We build on the shoulders of many faithful leaders. Michael Ramos, our Executive Director, remarks below on the recent passing of three such leaders
Presiding Elder Ellis Harris Casson
September 23, 1931-June 7, 2022
Rev. Dr. Ellis Casson was the Presiding Elder of the Pacific Northwest Conference of the AME Church when I resumed ecumenical ministry in Seattle in 1998. He was also the President of the board of the Washington Association of Churches, where I served as a staff person. He was deeply committed to the relational aspects of the ecumenical effort, embodying the unity to which we all hoped to live into. Justice-seeking was central to who he was, with a quick line or two to suffice to get the message across.
More than anything, I enjoyed his playful sense of humor, with the two of us constantly joking before (and during) board meetings. It was my honor to see him over the years in retirement at First AME Church, where we had our Church Council board meetings for many years and where I feel at home in ecumenical and interfaith conversation and worship.
Father William Treacy
May 31, 1919-October 16, 2022
Fr. William Treacy was a Catholic priest, who continued to support, morally and financially, the Church Council over many decades, including after 100 years of age. He founded Camp Brotherhood, a center for interfaith encounter, which was his passion. He was most famous for the televised program, Challenge, of priest, minister and rabbi meeting and discussing faith, life and the issues of the day, from 1960 to 1974. Fr. Treacy was instrumental in St. Patrick’s Catholic Church – where he served as Pastor – becoming a member of the Church Council in 1966. Before interfaith dialogue became a buzz-phrase, he was living it with a loving conviction that generations since can only seek to emulate.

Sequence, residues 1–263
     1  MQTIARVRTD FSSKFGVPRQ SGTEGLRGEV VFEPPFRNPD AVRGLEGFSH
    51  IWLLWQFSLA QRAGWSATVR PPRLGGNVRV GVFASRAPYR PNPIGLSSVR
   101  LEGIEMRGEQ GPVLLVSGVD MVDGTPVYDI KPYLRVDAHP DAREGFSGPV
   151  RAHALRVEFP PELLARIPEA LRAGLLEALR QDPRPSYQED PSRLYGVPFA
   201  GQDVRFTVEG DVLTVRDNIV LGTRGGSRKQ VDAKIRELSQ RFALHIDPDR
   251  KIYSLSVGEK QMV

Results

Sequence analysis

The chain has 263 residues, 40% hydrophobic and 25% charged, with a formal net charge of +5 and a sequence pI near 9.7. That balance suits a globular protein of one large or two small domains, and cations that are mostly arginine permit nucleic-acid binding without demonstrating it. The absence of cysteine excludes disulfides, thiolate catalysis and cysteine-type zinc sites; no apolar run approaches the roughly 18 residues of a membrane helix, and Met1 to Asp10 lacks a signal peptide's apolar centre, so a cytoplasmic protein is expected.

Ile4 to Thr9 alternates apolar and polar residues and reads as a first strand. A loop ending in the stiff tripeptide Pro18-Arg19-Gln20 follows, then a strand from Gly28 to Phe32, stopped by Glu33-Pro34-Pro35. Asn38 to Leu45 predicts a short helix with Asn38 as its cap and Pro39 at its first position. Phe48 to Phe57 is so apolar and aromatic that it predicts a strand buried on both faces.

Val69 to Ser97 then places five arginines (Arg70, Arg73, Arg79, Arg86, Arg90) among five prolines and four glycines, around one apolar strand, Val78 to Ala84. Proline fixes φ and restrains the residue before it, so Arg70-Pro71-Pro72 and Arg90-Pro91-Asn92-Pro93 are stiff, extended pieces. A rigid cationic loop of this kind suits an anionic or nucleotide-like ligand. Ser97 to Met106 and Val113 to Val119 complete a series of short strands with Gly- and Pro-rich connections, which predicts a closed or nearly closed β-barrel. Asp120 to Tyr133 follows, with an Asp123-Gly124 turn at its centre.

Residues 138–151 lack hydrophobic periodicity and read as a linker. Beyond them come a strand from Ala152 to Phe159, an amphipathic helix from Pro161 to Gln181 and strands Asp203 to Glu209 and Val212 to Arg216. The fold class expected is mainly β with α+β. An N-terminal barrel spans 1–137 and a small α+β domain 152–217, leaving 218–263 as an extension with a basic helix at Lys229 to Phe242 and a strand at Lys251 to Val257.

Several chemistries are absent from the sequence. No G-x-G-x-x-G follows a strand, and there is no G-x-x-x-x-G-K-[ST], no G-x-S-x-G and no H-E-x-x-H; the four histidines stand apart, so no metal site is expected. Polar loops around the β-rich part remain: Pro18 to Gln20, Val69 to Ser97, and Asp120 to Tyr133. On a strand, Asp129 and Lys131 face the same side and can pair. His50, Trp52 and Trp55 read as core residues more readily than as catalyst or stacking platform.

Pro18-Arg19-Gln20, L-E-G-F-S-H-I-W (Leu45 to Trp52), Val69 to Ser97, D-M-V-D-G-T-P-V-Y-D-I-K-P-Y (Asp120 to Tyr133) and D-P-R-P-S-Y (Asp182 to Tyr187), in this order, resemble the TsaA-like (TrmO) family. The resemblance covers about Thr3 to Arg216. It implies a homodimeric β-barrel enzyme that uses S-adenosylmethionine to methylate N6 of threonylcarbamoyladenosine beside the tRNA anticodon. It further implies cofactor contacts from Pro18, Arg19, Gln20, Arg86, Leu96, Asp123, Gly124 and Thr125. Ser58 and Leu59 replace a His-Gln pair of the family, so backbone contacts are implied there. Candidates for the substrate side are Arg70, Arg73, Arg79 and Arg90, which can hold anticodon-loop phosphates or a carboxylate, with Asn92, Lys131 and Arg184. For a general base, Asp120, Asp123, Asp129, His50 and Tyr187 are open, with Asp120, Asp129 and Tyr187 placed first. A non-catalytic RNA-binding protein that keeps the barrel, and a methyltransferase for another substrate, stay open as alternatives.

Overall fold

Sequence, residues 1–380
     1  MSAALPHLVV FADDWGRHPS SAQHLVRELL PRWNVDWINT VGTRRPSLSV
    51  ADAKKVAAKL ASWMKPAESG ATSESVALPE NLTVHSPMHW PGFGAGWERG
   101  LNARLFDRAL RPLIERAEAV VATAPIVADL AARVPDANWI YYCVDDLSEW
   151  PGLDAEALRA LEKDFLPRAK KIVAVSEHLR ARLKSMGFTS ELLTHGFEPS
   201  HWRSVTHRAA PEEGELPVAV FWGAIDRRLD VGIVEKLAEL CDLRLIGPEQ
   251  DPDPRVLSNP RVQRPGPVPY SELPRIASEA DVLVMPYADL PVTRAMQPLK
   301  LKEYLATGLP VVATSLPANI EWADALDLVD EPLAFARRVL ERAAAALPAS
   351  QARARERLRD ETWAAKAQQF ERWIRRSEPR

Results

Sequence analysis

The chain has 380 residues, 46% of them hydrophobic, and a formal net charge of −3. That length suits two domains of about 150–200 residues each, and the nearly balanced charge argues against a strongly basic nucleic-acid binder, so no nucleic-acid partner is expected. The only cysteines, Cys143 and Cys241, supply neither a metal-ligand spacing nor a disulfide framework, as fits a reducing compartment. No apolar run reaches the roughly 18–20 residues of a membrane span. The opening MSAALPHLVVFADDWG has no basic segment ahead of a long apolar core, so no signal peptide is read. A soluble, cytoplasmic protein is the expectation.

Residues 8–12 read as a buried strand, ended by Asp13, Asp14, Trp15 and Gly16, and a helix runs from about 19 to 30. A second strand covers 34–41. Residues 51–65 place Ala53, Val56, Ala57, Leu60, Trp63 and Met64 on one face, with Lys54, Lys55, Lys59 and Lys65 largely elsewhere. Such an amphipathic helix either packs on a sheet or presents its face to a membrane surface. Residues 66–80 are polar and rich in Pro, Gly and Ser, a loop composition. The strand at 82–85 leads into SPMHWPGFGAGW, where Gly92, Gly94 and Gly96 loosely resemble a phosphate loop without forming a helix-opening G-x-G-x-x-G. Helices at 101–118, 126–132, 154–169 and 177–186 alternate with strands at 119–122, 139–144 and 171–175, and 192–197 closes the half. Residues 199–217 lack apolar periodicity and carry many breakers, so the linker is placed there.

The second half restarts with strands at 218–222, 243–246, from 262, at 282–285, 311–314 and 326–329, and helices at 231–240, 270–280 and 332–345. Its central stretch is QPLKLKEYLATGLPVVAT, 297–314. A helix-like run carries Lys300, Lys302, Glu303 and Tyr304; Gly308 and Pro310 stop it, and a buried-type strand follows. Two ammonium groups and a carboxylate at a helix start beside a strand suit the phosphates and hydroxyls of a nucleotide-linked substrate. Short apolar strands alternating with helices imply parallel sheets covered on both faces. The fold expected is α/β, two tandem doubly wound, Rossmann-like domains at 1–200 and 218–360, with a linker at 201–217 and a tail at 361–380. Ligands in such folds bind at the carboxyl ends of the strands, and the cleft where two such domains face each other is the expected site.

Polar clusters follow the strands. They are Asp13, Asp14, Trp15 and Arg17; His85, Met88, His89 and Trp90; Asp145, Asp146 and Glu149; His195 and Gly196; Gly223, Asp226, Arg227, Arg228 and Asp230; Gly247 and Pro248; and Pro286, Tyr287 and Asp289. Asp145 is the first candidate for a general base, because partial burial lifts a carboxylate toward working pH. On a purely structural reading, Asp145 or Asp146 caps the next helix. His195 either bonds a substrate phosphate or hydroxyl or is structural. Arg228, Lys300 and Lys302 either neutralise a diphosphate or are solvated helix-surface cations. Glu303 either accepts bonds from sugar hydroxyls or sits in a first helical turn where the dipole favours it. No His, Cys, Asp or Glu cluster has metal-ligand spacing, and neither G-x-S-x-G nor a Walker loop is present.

The Reverend Dr. Peter Strimer
Rev. Dr. Peter Strimer, who died suddenly this week, was a great colleague of mine over his years as Canon Missioner and Episcopal priest at Saint Mark’s Cathedral. We met weekly for one year to plan the amazing Jubilee (“debt cancellation” movement) events that I helped to coordinate in conjunction with the World Trade Organization meeting in Seattle in 1999. His graciousness, humor and joy in life was coupled with his attention to detail and great communication ability (his doctorate was in communications from Ohio State; we’ll grant him being a Buckeye fan). He was pivotal in the discernment around Saint Mark’s becoming a sanctuary congregation, an experience I believe was transformative for the whole Cathedral community.